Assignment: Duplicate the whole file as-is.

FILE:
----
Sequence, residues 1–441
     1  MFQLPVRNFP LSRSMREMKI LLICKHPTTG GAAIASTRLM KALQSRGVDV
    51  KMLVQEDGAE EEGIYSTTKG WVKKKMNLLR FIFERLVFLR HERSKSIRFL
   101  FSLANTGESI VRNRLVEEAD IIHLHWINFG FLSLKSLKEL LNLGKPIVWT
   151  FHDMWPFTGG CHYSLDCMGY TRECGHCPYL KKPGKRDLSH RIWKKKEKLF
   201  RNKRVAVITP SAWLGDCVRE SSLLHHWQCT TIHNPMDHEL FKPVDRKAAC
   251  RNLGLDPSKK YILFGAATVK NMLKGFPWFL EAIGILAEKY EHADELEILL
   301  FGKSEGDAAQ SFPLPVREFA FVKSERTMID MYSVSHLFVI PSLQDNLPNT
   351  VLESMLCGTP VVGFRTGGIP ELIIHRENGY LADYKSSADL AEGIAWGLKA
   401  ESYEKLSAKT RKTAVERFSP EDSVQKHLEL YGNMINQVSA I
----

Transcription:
Sequence, residues 1–441
     1  MFQLPVRNFP LSRSMREMKI LLICKHPTTG GAAIASTRLM KALQSRGVDV
    51  KMLVQEDGAE EEGIYSTTKG WVKKKMNLLR FIFERLVFLR HERSKSIRFL
   101  FSLANTGESI VRNRLVEEAD IIHLHWINFG FLSLKSLKEL LNLGKPIVWT
   151  FHDMWPFTGG CHYSLDCMGY TRECGHCPYL KKPGKRDLSH RIWKKKEKLF
   201  RNKRVAVITP SAWLGDCVRE SSLLHHWQCT TIHNPMDHEL FKPVDRKAAC
   251  RNLGLDPSKK YILFGAATVK NMLKGFPWFL EAIGILAEKY EHADELEILL
   301  FGKSEGDAAQ SFPLPVREFA FVKSERTMID MYSVSHLFVI PSLQDNLPNT
   351  VLESMLCGTP VVGFRTGGIP ELIIHRENGY LADYKSSADL AEGIAWGLKA
   401  ESYEKLSAKT RKTAVERFSP EDSVQKHLEL YGNMINQVSA I